Protective Gear Size Charts
The skateboard truck axle is the supporting member on which skateboard wheels rotate. The axle of the skateboard truck is a metal rod that extends through the hanger on the truck and is threaded at both ends. The axle is the widest portion of the truck and should correspond with the manufacturer’s width dimension. Because the axle is a separate component from the hanger, it is common for the axle to slip if your board comes down on its side and hits the axle on the end. Some skateboard trucks have non-slip axles that are designed to withstand side impacts without sliding.
The hanger has two important functions on the skateboard truck: The first is to connect the axle to the base plate and the board, and the second is to allow a rocking movement of the truck when the skater’s weight shifts from one side to the other. The hanger has a front portion which fits inside the pivot cup, and a circular loop at the back which is held between two bushings and the king pin. The ability of the hanger to swivel and move under the skater depends on the tightness of the kingpin nut and the durometer of the bushings.
The base plate of a skateboard truck is a cast piece of metal that is attached directly to the skateboard deck (or indirectly if a riser pad is used between the truck and the deck). The base plate has four holes for the skateboard hardware to attach the trucks securely to the deck, The base plate also holds the kingpin at an angle and has a pivot cup to receive the front portion of the hanger.
A hole lined with rubber at the front of the base plate that is used to receive the front of the hanger. The purpose of this joint is to secure the front of the hanger to the base plate and deck of the skateboard while allowing it to rotate freely.
The kingpin is a bolt that is used to attach the base plate to the hanger of a skateboard truck. The tightness of the Kinpin nut on the kingpin affects how tight the hanger is held between the bushings on the truck. Tightening the kingpin nut allows a skater to lessen the degree of left to right rocking on a skateboard.
Bushings are doughnut shaped pieces of rubber that are used to limit the movement between the base plate and the hanger of a skateboard truck. Bushings are available with different durometers to allow more or less turning movement.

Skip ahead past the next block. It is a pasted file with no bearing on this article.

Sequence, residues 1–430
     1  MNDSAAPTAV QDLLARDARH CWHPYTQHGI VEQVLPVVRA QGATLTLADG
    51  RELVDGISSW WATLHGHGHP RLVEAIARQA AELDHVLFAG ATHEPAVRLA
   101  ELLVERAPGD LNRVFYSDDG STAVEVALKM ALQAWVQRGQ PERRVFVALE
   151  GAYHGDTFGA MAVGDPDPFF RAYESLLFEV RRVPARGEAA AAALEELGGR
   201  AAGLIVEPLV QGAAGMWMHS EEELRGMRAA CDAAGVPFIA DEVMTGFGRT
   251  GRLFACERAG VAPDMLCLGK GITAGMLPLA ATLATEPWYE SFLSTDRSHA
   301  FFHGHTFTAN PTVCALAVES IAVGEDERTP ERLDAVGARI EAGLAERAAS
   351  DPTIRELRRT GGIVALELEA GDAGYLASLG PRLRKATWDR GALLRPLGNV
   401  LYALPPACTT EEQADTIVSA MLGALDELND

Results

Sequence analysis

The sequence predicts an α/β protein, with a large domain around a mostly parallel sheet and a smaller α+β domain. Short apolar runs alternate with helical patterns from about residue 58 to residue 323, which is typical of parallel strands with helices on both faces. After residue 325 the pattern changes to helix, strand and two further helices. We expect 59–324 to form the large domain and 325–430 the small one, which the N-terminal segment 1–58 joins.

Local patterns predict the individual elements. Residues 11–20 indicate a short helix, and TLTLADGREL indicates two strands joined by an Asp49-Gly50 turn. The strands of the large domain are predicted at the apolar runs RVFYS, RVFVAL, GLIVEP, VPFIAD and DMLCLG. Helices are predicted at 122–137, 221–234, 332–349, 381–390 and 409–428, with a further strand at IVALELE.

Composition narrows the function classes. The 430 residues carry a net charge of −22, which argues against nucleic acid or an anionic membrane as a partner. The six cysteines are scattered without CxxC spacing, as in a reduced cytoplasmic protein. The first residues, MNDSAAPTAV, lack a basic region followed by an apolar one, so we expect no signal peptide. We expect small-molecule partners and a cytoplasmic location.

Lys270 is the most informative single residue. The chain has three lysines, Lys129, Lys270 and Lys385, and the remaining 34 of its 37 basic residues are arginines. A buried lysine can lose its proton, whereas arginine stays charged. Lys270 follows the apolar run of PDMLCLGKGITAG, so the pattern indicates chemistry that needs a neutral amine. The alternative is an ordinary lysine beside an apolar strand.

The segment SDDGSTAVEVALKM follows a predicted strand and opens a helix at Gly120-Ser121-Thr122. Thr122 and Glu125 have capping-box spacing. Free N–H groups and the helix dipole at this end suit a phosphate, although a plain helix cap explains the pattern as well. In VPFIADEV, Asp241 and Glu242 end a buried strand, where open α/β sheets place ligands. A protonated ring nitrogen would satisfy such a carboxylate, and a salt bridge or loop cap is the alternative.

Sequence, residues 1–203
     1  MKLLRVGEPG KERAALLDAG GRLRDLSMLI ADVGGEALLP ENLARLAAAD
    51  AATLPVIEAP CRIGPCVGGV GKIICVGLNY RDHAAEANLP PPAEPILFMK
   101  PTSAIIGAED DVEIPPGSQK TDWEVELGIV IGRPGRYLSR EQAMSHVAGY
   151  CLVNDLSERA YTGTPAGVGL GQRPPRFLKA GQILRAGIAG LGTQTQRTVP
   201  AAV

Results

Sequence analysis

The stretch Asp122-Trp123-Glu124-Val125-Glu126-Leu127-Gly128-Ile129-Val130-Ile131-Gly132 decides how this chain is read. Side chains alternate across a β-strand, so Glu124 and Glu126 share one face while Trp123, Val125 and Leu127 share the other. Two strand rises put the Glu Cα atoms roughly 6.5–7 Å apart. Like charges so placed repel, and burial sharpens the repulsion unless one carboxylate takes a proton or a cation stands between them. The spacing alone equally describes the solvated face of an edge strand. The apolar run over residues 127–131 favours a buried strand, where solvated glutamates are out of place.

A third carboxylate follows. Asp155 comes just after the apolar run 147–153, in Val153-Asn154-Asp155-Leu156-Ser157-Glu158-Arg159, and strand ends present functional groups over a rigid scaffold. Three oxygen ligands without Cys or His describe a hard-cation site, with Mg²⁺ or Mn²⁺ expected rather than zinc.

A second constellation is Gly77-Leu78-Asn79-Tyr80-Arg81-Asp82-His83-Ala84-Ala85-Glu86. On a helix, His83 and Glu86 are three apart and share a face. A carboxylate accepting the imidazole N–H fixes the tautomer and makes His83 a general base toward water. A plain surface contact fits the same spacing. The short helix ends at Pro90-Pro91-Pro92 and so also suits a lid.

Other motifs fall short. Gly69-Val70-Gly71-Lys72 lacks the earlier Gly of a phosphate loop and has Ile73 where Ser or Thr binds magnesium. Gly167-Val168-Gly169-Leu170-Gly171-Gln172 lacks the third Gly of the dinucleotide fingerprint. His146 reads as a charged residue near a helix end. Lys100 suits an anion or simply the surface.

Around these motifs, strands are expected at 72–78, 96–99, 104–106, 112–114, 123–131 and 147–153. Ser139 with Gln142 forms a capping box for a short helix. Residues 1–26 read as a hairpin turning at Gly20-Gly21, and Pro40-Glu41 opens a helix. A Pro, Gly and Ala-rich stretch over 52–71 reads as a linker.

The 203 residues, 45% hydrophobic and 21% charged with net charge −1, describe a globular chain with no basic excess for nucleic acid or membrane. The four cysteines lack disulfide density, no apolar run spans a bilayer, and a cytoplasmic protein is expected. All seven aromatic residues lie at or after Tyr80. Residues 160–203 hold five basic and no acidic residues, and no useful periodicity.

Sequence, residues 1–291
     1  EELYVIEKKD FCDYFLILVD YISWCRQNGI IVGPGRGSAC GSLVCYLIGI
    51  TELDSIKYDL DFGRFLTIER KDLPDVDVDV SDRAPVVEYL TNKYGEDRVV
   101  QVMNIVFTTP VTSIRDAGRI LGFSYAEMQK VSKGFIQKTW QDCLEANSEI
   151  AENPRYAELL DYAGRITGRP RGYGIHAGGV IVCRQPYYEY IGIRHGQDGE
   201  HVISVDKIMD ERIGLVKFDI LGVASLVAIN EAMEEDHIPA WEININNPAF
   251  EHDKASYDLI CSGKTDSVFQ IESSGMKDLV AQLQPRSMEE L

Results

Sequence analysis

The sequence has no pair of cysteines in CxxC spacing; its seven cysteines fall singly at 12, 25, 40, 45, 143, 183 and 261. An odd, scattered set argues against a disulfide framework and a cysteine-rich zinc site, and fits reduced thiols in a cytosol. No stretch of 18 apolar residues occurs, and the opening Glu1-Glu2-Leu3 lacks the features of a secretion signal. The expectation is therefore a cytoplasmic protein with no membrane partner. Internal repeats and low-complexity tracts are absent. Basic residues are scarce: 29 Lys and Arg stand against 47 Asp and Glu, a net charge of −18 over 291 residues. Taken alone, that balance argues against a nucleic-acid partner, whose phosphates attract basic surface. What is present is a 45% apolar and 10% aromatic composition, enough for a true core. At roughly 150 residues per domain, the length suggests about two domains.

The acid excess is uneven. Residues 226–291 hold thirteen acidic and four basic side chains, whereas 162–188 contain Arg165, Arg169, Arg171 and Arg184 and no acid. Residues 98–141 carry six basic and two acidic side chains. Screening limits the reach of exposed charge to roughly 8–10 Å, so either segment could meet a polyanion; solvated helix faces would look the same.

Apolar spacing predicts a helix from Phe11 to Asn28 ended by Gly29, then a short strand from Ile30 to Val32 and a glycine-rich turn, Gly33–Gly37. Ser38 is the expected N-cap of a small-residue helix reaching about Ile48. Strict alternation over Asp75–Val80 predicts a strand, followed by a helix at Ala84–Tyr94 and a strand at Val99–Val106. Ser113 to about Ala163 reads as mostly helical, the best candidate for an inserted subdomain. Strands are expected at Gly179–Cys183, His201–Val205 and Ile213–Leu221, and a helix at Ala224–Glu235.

The cup washers hold and protect the top and bottom bushings on the truck while compressed between the base plate, hanger and kingpin nut.
TRUCK SELECTION TIPS
Width Selection: The main dimension given for our trucks is the length of the axle. For the majority of our trucks, this is listed in inches, but some truck manufacturers, such as Thunder trucks have them listed in Millimeters. Use the unit converter provided below to easily convert the two units.
In general, you want to select a truck axle width that is as wide as your board or a quarter inch (0.25″) larger or smaller than the width of your deck. For example, if your deck is 7″ wide, you will want to find an axle that is the same length or just shorter or longer based on your preference
Longboards tend to use longer trucks than the board so that the wheels, which are typically larger than shortboard wheels, can get more clearance from the deck when carving. The decision of how wide you want the trucks to be is up to you. If you need ideas for a deck you are making, check out our Complete Longboard decks.
As you browse our large selection of Skateboard wheels you will find that they differ in color, size, designs and durometer (hardness). Picking the right wheel will make a difference in the smoothness of your ride, the weight of your board, and how well your wheels grip different surfaces. Some skaters prefer harder durometer wheels which tend to be louder than gummier wheels that are more grippy and tend to be quieter.
COLOR AND DESIGN
A lot of shortboard skaters go with white wheels, but many colors and designs are available. This is an easy way to make your board stand out.
The wheel diameter is given in millimeters (mm)
Vert Skating – 55-65 mm size wheels
Street Skating try 48-55 mm size wheels (smaller makes the board lighter and makes it easier to flip the board)
All terrain skating (Vert and Street) 52-60 mm
Skateboard wheel hardness value is given using the shore hardness “a-scale”. We have included a scale for your reference
The lower “a-scale” hardness wheels that are around 75a are the gummiest skateboard wheels you will come across. These make less noise when you tick tack around and offer a lot of grip. These are also softer when riding over rough surfaces
The higher “a-scale” hardness wheels in the range of 95a-100a tend to be louder than lower durometer wheels
*Most skaters will be happy with wheels from 50mm to 54mm, with a hardness of 99a for street skate
*Skating in the bowls you wanna go with a 54mm to 60mm wheel for the best ride usually around 84b hardness
Cruising wheels are much larger for speed (59-97mm) and much softer for riding over rough terrain (78-85a). if you are getting into sliding you may want a 82d-86d.